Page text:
By Sol Ayala
Mayerly Soto, a sophomore social justice major, plans to pursue a career in social work after graduation. These plans have seemed just out of reach to Soto for some time, but due to a proposed state law passed by the Tennessee State Senate 20 to 7 on Thursday, March 14, Soto can look to the future with a bit more certainty.
On Tuesday, March 15, the hallways of the Cordell Hull Building were full of advocates as the Day on the Hill event organized by the Tennessee Immigrant and Refugee Rights Coalition (TIRRC) introduced the Workforce Expansion Bill.
This bill is designed to allow people with Temporary Protected Status (TPS) and Deferred Action for Childhood Arrivals (DACA) to receive professional and commercial licenses.
“Over 7,000 DACA recipients and 3,000 TPS holders will benefit from this piece of legislation,” according to the TIRRC. “The Workforce Expansion Bill is a huge step in addressing ongoing labor shortages taking place in a wide variety of industries by allowing anyone with
a federally authorized work permit to access professional and occupational licenses, so long as they meet all other requirements of the respective licensing board.”
According to the American immigration council, as of March 2022 there are 7,650 DACA recipients and approximately 320,000 with a Temporary Protected Status living in Tennessee.
At Trevecca there are about 100 DACA students who can possibly benefit from the bill, said University President Dan Boone in a recent article for the Tennessean. Social workers, electricians, plumbers, engineers, and over 200 other professions would benefit from the bill, said Jazmin Ramirez, latinx community organizer at the Tennessee Immigrant and Refugee Rights Coalition.
During the Day on the Hill event, members and volunteers of TIRRC had individual group meetings with Tennessee Senators and House Representatives, seeking their legislative vote against anti-immigrant bills and asking them to vote in favor of the Workforce Expansion Bill.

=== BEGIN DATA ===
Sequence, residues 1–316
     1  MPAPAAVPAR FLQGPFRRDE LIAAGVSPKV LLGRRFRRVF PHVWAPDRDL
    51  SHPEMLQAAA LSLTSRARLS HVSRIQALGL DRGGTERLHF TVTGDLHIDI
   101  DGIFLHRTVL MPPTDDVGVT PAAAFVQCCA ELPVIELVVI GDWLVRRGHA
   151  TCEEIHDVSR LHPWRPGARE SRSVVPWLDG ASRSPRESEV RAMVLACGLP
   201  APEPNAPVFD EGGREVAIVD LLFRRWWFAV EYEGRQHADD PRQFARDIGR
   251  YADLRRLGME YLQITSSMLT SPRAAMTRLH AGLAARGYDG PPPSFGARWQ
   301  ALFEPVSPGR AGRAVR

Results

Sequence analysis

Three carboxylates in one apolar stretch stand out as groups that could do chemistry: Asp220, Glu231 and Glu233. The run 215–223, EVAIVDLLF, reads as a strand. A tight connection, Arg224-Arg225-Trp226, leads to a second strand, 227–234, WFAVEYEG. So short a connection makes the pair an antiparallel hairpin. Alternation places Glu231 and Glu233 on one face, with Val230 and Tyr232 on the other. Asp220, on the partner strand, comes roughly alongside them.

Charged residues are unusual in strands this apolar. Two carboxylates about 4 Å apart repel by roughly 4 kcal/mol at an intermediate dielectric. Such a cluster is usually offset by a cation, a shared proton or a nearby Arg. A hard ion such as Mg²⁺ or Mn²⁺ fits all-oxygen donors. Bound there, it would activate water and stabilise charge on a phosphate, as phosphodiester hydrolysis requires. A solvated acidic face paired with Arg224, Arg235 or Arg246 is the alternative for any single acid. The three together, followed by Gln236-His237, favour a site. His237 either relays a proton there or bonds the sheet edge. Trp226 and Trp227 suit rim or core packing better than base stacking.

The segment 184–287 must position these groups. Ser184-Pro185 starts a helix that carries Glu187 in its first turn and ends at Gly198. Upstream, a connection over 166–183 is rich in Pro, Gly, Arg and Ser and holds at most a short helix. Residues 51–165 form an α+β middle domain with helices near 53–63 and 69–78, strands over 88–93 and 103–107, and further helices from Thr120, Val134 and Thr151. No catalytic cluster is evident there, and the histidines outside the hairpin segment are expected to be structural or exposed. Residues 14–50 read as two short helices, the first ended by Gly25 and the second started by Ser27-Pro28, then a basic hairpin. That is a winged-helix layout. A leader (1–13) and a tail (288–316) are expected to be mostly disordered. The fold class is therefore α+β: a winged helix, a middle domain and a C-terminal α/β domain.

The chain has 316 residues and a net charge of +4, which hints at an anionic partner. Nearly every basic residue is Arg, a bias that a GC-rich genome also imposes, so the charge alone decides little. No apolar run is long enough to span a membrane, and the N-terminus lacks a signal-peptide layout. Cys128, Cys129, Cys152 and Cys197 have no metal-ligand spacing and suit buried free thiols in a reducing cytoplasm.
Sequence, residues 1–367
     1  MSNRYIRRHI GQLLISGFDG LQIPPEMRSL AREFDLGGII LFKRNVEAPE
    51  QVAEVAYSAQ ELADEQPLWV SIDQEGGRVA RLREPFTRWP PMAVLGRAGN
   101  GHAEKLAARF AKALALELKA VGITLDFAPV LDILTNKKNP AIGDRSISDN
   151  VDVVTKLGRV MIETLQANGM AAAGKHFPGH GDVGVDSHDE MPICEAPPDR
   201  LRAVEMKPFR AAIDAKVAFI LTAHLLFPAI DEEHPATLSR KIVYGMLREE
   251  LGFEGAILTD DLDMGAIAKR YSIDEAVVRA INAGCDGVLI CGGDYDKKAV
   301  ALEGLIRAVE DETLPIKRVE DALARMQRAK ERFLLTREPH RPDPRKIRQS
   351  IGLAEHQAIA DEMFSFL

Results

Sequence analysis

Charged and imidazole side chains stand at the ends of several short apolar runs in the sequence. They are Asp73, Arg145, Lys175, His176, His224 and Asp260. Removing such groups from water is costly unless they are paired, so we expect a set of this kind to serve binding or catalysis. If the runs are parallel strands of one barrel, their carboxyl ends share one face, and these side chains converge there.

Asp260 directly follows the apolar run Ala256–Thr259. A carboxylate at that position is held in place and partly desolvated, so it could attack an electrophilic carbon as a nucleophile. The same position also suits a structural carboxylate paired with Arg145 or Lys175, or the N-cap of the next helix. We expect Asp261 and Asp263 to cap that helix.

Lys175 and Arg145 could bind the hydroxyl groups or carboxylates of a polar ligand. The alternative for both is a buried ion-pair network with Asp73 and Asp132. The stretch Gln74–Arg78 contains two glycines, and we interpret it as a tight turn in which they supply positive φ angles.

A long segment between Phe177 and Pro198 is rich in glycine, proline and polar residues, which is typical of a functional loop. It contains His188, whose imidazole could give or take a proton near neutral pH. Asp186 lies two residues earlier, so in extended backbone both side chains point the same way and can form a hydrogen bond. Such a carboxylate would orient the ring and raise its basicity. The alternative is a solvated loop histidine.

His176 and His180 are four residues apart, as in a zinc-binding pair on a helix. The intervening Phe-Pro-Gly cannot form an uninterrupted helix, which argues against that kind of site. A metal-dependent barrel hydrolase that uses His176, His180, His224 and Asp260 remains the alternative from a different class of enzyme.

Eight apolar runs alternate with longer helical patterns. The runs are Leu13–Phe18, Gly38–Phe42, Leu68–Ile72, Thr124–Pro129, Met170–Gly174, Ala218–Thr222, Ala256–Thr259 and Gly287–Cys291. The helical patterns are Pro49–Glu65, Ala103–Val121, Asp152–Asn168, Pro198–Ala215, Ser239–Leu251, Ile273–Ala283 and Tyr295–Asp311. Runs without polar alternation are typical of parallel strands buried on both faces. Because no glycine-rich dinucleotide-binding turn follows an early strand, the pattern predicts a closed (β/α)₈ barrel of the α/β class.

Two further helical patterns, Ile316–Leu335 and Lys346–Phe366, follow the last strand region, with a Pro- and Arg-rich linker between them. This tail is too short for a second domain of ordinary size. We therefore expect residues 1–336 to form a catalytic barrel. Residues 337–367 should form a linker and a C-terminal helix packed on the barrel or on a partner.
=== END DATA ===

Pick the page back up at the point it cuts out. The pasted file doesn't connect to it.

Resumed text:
“Working while trying to stay concentrated and keep a GPA up seems almost impossible some days,” Soto said. “It can’t be impossible because this is literally the only way that this is going to work for me.”
Soto moved to Tennessee when she was 3 years old and has been under the DACA program since she was nine years old. She said having DACA status has made her life a bit easier.
To pay for college, Soto has to find outside resources, working two jobs and finding scholarships that support DACA recipients in higher education. As she approaches graduation, Soto’s future plans—and the plans of more than 10,000 TPS and DACA recipients—are at risk.
Current Tennessee law bars TPS and DACA recipients from obtaining professional and commercial licenses, despite being qualified in their professions, having federal work permits, and social security numbers.
DACA students can get a job, get a driver’s license and pay taxes, but have to overcome multiple obstacles to getting into higher education institutions, such as not receiving state and federal aid, not qualifying for in-state tuition and not being able to have professional licenses after getting a degree. This often forces DACA and TPS recipients to move out of state after graduation to other states that allow them to receive professional licenses.
Luis Mata, policy coordinator at TIRRC, says that the goal of the Day on the Hill event was to get the House representatives’ and Senators’ votes by bringing in TPS and DACA recipients to tell their stories and influence those in power to vote in favor of the Workforce Expansion Bill.
“Our Day on the Hill event was an opportunity to allow our members of the community to channel the power they have inside, and to be able to feel themselves creating change through their voices, through their stories,” Mata said.
The Workforce Expansion Bill has advanced in both the Senate and House. Is currently waiting for the votes from the floor chambers to see if it becomes part of state law.
There is still no date set for the vote, but it is expected to be during April.
“It personally affects me and people that I care about,” said Vanessa Delgado, program coordinator for Equal Change of Education.
TIRRC is also working against five anti-immigrant bills. Three out of the five bills were voted against, including bill HB1648 which would have allowed public K–12 schools to deny enrollment to children who are not lawfully documented in the U.S., and bill HB1919 which would have criminalized parents for taking children across state lines. TIRRC is still waiting for the results of the other two anti-immigrant bills.